THUMBS UP: To Bakersfield’s state legislators for petitioning the state for $3 million to help fight valley fever. Democratic Assemblyman Rudy Salas, along with Republican Assemblyman Vince Fong and Republican Sen. Jean Fuller, are seeking $3 million for Kern Medical Center to research treatments and conduct outreach programs to combat valley fever, a respiratory disease endemic to the southwest U.S., with Kern County being a “hot spot.” The disease infected more people last year in California than in the state’s history.
If included in Gov. Brown’s spending plans, the $3 million would be the most funding California has allocated to fight valley fever in a decade. Last month, Salas and Fong introduced six valley fever-related bills that addressed reporting guidelines, data collection, laboratory testing procedures, doctor training and worker safety.
THUMBS DOWN: To the administrators of the California City boys basketball program, which set two records during a Feb. 2 game against Frazier Mountain. The Cal City team reportedly broke a state record for the most points scored in a game, and its 165-38 margin of victory was the largest in state history.
It was also a colossal demonstration of poor sportsmanship, which drew a rebuke from Central Section Commissioner Jim Crichlow, who put the Cal City program on probation and warned if the program beat an opponent like that again, it could be barred from playoff consideration.
“That is not pursuing victory with honor or the educational-based athletics that we all believe in,” Crichlow said. Seven times this season, the Cal City team scored more than 100 points in games, with some ending in lopsided victories. And the team reportedly ran a “full-court press defense” until the final buzzer sounded in its game against Frazier Park.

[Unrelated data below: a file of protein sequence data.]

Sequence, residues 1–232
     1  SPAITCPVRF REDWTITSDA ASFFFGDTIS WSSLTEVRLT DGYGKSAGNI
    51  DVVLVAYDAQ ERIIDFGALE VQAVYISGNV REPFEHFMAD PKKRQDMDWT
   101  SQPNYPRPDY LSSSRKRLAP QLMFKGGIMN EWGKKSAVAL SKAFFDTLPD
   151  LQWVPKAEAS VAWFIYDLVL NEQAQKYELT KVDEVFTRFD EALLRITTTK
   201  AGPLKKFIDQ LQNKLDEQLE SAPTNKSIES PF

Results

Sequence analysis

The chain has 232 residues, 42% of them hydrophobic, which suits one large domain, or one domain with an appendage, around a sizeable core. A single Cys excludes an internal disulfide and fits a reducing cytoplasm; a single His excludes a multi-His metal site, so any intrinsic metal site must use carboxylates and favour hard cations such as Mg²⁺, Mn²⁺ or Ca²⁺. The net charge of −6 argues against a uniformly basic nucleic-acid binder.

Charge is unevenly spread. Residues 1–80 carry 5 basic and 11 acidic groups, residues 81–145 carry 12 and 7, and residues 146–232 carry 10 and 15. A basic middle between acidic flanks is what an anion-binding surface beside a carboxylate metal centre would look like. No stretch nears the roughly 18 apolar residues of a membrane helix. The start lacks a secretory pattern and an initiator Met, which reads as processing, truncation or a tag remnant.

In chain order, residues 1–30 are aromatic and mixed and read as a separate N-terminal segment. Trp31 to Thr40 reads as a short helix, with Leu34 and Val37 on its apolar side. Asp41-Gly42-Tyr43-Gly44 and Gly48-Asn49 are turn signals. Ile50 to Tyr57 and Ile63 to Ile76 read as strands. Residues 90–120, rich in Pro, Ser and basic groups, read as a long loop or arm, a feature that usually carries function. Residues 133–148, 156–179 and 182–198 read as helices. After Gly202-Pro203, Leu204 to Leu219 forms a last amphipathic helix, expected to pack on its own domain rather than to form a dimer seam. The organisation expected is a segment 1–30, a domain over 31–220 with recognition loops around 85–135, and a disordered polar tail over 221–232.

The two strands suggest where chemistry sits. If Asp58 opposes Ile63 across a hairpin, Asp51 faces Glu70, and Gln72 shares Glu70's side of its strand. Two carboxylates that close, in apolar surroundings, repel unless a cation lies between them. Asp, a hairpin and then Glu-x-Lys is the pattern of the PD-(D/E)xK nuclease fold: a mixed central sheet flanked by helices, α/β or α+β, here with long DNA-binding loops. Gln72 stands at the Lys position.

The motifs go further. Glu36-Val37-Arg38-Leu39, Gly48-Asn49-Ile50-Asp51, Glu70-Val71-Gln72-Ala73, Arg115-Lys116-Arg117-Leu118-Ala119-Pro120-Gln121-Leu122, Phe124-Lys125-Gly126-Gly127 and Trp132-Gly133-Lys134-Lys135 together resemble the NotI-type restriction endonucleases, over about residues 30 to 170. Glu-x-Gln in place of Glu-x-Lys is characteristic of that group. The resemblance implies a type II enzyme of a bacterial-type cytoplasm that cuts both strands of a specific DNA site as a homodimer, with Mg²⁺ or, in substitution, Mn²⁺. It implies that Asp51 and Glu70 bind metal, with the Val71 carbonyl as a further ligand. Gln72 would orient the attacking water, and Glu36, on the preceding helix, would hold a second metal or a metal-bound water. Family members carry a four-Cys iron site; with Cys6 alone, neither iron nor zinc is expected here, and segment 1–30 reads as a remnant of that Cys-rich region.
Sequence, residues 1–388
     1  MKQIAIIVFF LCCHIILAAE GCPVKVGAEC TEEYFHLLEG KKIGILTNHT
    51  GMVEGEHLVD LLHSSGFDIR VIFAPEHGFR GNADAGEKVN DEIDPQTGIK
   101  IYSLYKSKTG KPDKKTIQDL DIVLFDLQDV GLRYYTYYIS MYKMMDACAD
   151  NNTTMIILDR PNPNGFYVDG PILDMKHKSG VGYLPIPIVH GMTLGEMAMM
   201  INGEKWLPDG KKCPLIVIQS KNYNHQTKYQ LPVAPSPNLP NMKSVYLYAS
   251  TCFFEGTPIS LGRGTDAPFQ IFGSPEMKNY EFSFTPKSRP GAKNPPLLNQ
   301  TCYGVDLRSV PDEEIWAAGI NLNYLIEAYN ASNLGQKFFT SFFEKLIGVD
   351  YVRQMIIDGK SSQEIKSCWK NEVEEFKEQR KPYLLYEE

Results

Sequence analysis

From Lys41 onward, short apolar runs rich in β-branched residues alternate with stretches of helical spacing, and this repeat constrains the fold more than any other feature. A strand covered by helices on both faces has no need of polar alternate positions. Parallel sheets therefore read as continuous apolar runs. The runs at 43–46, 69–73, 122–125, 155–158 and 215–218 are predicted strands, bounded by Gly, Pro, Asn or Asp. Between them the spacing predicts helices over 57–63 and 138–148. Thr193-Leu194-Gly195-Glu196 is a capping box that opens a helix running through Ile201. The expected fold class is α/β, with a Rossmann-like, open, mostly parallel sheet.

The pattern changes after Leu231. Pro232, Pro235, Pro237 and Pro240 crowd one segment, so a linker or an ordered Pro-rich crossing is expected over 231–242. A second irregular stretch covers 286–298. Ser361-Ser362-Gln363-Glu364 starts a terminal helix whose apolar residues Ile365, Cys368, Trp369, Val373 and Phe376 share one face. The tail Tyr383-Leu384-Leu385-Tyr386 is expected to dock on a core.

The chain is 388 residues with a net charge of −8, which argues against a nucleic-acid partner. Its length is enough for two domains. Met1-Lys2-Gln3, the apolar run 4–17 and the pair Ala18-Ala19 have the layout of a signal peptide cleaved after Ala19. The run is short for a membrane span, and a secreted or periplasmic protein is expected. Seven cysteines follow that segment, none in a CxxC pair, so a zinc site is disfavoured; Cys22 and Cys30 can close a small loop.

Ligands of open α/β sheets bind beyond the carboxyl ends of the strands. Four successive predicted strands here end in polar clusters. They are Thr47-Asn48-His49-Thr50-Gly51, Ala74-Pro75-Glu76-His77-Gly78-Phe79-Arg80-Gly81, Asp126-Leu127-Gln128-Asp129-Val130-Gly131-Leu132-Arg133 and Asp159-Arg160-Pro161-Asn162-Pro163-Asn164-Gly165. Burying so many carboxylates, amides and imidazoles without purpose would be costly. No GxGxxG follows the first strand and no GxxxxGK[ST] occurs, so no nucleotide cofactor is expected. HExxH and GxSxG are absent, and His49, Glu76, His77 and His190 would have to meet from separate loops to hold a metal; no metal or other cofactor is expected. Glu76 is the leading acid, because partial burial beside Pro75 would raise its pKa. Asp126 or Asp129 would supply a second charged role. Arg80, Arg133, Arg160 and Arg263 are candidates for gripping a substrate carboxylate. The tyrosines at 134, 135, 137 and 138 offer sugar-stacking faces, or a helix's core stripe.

THUMBS UP: To Kern Community College District officials, who unveiled plans to build a 20,000-square-foot one-building satellite campus in Arvin. Residents of the farming community have long pleaded for a campus in Arvin, which is located 20 miles south of Bakersfield College’s main campus in northeast Bakersfield.
The campus, which will be located across the street from Arvin High School on land donated by the city, is expected to break ground this spring and be open by the fall of 2021. The fast-tracked project is one of many being funded by a $502 million bond measure district voters passed in 2016.
“We know how much education can affect a family,” Abel Guzman, BC director of rural initiatives, told Arvin residents during a community meeting. “Imagine how much a college can affect a city.”
Jim Young, a lifelong Arvin resident and retired KCCD chancellor, has been a relentless advocate for a college center in Arvin. We join Young in calling this an occasion worth celebrating.